Job searchers know that finding the right job isn’t easy, especially in times of economic uncertainty. Harder still is finding and nurturing a strong, sustainable career.
This week, the New York Times gives us a thought-provoking glimpse at the current employment landscape. “The college degree is becoming the new high school diploma: the new minimum requirement, albeit an expensive one, for getting even the lowest-level job,” Catherine Rampell writes. The article describes the tight job market at all levels across organizations, industries, and geographies.
One reason, of course, is that the employment game is a buyer’s market. “When you get 800 résumés for every job ad, you need to weed them out somehow,” says Suzanne Manzagol, executive recruiter at Cardinal Recruiting Group. Demand for higher credentials pushes the less educated candidates down the chain, contributing to an unemployment rate for people with a high school diploma more than double for those with a bachelor’s degree: 8.1 percent compared to 3.7 percent.
Because so many people are going to college these days, those without diplomas are viewed by employers as lacking ambition or the ability to succeed. However, the Times offers an alternate explanation for fields a bit closer to home for many of our readers: “Some jobs, like those in supply chain management and logistics, have become more technical, and so require more advanced skills today than they did in the past.”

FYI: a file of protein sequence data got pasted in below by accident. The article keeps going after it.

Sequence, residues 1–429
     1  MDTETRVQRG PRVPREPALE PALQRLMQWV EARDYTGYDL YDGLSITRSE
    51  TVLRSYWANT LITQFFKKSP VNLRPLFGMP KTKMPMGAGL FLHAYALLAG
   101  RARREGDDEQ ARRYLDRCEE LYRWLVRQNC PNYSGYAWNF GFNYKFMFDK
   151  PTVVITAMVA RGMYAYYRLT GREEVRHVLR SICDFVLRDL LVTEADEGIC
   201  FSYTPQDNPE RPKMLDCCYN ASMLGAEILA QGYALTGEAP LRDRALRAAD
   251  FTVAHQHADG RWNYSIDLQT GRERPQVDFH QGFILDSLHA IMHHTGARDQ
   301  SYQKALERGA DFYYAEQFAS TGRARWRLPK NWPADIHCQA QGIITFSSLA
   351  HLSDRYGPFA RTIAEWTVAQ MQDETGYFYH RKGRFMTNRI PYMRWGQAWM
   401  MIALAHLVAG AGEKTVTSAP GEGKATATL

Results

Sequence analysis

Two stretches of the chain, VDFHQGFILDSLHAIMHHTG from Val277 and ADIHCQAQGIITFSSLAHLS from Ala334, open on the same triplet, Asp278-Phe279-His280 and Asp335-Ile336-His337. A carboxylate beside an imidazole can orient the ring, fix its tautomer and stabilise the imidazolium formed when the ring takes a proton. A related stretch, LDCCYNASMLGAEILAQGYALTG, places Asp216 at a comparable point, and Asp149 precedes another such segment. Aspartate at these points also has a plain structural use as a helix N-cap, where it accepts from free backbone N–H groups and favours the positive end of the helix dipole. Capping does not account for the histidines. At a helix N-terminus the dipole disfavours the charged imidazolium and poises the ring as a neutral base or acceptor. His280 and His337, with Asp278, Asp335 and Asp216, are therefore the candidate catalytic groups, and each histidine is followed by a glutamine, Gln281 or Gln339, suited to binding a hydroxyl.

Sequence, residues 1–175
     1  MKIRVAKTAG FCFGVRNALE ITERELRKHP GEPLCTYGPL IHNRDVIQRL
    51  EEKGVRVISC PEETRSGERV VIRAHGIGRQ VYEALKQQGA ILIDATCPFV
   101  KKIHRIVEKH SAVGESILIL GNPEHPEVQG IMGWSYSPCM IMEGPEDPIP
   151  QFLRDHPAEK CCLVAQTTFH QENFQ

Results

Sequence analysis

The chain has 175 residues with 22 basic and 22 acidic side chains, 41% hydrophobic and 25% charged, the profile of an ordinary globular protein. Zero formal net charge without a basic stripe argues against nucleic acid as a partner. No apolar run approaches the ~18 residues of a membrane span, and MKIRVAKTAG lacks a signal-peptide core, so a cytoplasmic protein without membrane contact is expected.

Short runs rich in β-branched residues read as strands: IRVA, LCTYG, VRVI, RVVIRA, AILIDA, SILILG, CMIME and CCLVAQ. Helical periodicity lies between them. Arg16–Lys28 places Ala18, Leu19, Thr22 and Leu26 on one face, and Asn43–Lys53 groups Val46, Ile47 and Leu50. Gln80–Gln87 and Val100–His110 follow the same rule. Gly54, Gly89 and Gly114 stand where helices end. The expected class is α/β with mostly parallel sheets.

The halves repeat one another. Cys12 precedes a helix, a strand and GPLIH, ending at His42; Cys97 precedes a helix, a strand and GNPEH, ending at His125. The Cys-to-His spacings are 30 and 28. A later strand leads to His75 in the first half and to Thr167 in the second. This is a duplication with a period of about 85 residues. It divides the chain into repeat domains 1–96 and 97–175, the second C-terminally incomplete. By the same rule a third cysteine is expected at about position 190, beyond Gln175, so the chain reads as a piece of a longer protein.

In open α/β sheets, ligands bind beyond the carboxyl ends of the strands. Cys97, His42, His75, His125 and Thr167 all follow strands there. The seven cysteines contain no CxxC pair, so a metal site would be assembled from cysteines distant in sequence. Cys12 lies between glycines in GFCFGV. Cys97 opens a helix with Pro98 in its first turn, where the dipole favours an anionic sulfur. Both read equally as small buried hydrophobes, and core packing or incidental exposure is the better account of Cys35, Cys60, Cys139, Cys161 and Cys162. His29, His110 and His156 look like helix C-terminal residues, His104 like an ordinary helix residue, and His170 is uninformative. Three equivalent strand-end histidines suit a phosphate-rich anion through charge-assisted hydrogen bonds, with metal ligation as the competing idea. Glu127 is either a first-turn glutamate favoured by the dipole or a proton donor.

Demonstrating strategic knowledge
At APICS, we understand it’s essential to show your employer you have the knowledge and skills to successfully navigate the requirements of supply chain and operations management, including logistics. One proven way is to earn your APICS Certified in Production and Inventory Management (CPIM) or Certified Supply Chain Professional (CSCP) designation. Employers recognize that professionals with these certifications know the essential terminology, concepts, and strategies related to demand management, supplier planning, sales and operations planning, and more. And research indicates that professionals with an APICS certification earn about 15 percent more money than their noncertified counterparts.
As supply chain and operations management evolves, it demands even more from professionals. Accordingly, APICS is placing greater focus on the difference between tactics and strategy. Tactics, while vital to getting the day-to-day work of the organization done, often is not enough when considering the needs of the business at large.
One of the aims of the APICS Educational and Research (E&R) Foundation is to explore these emerging topics in supply chain and operations management education, including supply chain strategy. This week, Executive Director Sharon Rice is beginning a blog on the work of the foundation and some of these topics. Visit apics.org/foundation to learn more.